December 17, 2012
On Dec. 17, 1903, John T. Daniels nearly blew it.
Orville Wright asked Daniels, an Outer Banks coast guardsman who had been watching the escapades of the brothers Wright for several years on the sand dunes of a narrow island in Dare County, North Carolina, to stand watch and squeeze the pneumatic bulb to trigger Wright’s camera when he saw the “Wright Flyer” take off.
Daniels later commented that he was so fascinated by the sight of the Flyer rising into the air that he forgot to squeeze the bulb, and was afraid he had not taken the picture. Apparently in his excitement he did, in fact, trigger the shutter of the Gundlach Korona box camera. The image he captured was called the “photograph of the century.” (Of course the century was only a few years old.)
It was an image that captured America’s attention. The Wright Flyer just lifting off into the air, with Wilbur standing, arrested by the sight of success.
After testing unpowered versions of their aircraft for three years, 1900-02, the Wright’s had had settled on a design, which they built using wood from the giant spruce. The engine was built by Charlie Taylor to power two propellers via a chain drive.
On Dec. 14, the Wright’s made their first attempt. With Wilbur laying down in the pilot’s cradle the Flyer slide down the 60-foot rail runway, as it lifted into the air he pulled up too sharply and the aircraft stalled and crashed. It took three days to repair the damage.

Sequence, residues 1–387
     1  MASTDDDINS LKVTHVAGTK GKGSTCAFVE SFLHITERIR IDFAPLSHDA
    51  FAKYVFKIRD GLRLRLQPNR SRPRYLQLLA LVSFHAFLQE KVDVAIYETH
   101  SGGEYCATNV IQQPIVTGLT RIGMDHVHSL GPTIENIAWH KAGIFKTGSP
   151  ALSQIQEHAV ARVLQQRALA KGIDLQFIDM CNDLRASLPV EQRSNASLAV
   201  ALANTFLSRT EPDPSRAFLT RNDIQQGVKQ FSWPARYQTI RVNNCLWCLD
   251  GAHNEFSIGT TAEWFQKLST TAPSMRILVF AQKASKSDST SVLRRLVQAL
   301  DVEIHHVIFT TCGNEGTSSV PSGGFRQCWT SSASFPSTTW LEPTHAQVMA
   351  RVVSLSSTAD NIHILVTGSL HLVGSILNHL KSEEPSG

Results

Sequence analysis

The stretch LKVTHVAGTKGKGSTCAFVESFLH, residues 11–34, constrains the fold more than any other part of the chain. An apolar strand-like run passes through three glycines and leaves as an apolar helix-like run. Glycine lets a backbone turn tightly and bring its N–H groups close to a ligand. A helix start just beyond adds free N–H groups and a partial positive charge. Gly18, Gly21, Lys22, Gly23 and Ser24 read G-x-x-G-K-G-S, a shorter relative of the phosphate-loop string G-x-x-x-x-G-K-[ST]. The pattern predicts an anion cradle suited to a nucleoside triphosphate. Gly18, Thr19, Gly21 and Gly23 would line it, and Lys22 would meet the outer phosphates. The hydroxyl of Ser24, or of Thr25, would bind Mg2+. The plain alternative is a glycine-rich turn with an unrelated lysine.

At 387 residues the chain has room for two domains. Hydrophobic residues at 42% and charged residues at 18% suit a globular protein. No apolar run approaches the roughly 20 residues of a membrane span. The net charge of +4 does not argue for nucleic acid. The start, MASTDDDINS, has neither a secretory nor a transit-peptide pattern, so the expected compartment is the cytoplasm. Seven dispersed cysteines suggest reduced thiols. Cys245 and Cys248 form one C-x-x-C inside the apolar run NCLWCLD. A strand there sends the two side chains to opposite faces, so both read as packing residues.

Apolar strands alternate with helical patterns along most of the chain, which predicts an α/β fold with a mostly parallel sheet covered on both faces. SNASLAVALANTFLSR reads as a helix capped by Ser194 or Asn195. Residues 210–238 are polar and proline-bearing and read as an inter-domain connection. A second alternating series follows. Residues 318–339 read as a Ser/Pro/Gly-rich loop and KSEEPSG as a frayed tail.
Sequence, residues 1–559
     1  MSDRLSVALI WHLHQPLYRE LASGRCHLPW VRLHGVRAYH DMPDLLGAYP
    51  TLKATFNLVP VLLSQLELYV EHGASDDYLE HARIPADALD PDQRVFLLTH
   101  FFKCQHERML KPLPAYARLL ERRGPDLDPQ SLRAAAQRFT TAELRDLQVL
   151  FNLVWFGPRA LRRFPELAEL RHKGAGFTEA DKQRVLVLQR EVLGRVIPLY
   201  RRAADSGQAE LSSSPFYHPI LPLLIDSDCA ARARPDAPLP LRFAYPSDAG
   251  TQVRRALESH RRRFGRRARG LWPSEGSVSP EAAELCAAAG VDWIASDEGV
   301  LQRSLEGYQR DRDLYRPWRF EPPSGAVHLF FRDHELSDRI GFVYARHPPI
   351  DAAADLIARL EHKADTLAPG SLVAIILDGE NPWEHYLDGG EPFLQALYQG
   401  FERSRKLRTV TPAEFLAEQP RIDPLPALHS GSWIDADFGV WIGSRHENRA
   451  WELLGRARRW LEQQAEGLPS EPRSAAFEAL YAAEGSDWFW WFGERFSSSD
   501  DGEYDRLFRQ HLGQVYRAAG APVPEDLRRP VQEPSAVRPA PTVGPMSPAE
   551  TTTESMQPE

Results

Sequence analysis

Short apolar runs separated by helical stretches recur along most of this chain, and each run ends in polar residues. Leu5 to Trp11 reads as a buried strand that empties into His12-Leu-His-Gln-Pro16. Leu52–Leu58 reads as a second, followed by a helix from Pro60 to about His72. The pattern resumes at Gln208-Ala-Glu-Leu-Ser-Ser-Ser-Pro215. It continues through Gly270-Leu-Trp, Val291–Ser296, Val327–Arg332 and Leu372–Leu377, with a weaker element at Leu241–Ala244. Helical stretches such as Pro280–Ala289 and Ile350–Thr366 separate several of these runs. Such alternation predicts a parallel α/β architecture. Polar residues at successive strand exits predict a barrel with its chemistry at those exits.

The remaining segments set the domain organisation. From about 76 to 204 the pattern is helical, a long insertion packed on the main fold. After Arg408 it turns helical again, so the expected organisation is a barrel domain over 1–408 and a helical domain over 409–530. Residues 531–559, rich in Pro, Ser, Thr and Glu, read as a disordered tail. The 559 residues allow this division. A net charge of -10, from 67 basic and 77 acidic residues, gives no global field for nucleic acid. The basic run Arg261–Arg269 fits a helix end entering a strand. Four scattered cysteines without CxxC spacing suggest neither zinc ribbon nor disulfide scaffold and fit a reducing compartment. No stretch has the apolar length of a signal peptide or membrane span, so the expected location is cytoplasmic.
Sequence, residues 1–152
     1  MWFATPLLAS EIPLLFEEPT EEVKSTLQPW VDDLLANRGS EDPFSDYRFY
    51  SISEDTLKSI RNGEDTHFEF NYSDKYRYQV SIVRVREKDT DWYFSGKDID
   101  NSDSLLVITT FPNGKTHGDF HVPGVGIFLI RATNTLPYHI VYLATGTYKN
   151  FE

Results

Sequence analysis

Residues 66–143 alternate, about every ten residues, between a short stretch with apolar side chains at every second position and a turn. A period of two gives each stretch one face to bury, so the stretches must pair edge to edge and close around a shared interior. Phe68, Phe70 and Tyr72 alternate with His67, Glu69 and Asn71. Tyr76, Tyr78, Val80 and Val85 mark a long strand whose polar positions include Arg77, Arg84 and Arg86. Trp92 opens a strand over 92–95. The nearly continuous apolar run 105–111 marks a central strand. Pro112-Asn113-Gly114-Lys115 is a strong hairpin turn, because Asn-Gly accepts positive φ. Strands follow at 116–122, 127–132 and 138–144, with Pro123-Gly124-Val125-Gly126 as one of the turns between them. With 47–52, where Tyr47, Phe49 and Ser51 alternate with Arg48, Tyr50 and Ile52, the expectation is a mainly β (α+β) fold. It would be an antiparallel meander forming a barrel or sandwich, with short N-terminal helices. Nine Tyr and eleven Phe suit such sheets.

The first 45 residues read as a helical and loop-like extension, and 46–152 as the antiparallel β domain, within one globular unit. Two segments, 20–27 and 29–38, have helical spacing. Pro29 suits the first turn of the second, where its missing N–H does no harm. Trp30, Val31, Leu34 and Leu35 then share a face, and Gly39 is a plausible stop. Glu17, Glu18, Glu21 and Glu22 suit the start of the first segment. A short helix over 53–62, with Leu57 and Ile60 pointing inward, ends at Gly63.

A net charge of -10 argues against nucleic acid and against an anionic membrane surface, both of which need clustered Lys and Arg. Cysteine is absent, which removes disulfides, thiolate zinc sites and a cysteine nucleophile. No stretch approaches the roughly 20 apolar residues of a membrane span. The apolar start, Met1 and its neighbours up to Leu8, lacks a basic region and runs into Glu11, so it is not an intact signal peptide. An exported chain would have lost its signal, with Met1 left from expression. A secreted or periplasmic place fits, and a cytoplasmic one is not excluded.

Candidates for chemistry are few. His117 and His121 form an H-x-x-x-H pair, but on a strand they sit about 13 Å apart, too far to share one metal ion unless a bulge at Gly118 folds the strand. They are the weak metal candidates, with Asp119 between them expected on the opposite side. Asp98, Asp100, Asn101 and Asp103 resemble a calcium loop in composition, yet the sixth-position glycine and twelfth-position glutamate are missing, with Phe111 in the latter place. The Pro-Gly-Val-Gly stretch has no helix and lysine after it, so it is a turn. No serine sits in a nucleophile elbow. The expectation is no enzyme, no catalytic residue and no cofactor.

Wilbur, having blown his shot at being first, watched as Orville made the first controlled, powered flight of a heavier-than-air machine on Thursday, Dec. 17. The flight lasted for 12 seconds and 120 feet.
The brothers flew four flights on that blustery day, the final flight lasted 59 seconds and covered 852 feet, more than the first three combined (120, 175, and 200 feet respectively). The “landing” broke the aircraft, but they hoped to fix it quickly and attempt the four-mile flight to Kitty Hawk village. A gust of wind dashed the aircraft and their plans, tumbling the machine over several times. The 1903 Flyer never flew again.
The Wrights achieved fully controlled flight in 1905 with the third Flyer, with Wilbur piloting the machine through a 39-minute, 24-mile course requiring turns and circles on Oct. 5.
The Flyers demonstrated the viability of controlled flight, and their concept of simultaneous coordinated roll and yaw control is the innovation, which they patented in 1906, that survives. The Wright’s other innovations, their wing and propeller designs, enabled them to achieve flight with a low-power engine; as power and aircraft speed increased, designers turned to rigid wings, ailerons and rear control surfaces.
The Wright patent on aircraft control was broad stymied aircraft development in the U.S. European designers ignored the patent fight and developed more advanced aircraft much faster. The impact of the patent fight was made obvious when the U.S. had no competitive aircraft to deploy in World War I and had to purchase aircraft from the French and British.